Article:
DIY Projects

DIY Valentine’s Day Cards For Kids

I’m not a crafting-type mom.

I’d like to be – I aspire to be – but you know those moms who have cabinets filled with things like glitter and pipe cleaners, and enjoy settling down on snowy afternoons to create bedazzled things with their children? They are not me.

But I do like cutting hearts out of construction paper (who doesn’t?), and I very much want to get my son excited about the fact that Valentine’s Day is coming up. It’s a holiday that I have historically not really cared about, but is now – like every other holiday – about ten thousand times more fun, given that I now have a very short roommate who is experiencing it for the third time in his life (and probably the first time with any real clarity).

Best

Counting Clouds

Three screenings of Planes (for real; I think someone was excited about flying), one waffle, one banana, one cup of blueberries, one cup of pasta, one cup of cereal, one cup of dried green beans, two applesauces, three crackers, one yogurt parfait, and one McDonald's egg-and-cheese biscuit later (what can I say? the child can eat), and we're in San Francisco!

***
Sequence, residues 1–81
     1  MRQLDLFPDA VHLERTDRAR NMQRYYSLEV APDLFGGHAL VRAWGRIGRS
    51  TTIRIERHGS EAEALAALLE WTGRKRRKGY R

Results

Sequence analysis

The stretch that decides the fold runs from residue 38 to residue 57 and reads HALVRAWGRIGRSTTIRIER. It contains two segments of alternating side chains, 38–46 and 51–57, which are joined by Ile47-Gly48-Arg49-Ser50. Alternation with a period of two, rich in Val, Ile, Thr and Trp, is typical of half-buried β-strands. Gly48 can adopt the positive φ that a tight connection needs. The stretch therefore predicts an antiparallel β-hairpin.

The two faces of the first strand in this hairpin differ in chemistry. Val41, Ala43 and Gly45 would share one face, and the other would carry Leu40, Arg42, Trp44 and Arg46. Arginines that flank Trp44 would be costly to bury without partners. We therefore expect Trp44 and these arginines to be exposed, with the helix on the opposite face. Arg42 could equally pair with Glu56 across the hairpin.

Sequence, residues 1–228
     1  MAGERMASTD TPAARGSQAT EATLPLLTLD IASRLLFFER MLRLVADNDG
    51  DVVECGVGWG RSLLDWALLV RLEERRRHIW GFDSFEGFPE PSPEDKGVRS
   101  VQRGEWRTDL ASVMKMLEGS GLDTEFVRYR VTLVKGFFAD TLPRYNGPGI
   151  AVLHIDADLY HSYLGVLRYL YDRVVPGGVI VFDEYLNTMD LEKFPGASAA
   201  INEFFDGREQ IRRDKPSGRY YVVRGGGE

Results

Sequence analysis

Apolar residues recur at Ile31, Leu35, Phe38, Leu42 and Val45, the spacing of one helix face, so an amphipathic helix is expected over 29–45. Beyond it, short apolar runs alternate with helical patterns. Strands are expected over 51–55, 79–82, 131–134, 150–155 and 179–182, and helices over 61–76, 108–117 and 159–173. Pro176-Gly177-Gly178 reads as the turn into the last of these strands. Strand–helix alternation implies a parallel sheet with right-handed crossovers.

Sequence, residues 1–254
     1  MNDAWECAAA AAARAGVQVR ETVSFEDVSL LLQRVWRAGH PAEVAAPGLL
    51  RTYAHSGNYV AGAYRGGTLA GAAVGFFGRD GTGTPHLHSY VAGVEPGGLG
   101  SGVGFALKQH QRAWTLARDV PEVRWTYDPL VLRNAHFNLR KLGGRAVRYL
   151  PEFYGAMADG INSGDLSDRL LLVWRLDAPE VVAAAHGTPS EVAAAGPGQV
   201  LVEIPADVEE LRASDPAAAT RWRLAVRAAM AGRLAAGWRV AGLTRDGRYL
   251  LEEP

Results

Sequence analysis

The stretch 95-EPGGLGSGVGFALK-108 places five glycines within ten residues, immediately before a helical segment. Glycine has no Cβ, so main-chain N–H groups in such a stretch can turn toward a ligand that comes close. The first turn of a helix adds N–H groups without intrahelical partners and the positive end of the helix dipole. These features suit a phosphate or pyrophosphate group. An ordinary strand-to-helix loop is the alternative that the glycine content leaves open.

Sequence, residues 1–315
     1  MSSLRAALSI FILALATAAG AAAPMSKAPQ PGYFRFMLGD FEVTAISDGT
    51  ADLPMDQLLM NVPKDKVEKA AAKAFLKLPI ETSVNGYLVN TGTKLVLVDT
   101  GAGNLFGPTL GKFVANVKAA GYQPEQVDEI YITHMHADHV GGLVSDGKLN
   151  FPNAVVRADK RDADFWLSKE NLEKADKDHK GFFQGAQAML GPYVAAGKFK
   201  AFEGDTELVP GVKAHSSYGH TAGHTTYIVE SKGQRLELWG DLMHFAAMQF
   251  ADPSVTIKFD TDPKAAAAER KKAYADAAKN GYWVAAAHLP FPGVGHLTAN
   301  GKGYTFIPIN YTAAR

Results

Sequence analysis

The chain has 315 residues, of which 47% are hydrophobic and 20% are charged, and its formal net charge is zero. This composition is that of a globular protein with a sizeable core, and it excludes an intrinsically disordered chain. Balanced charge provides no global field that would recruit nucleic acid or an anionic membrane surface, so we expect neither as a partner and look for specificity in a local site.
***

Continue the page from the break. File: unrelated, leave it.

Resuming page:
Of course, the first order of business was to head straight to In-N-Out Burger for some animal style action. Because we were starving.

DIARY

The Kindness Of…

Yesterday was bad.

I had an ultrasound appointment up in Connecticut, and planned to be back home by 3, before the storm was supposed to get really severe. I made it most of the way back with no traffic or snow at all, but around Stamford (about half an hour from our house) the cars on the highway came to a virtual stop, and the blizzard picked up in what felt like seconds.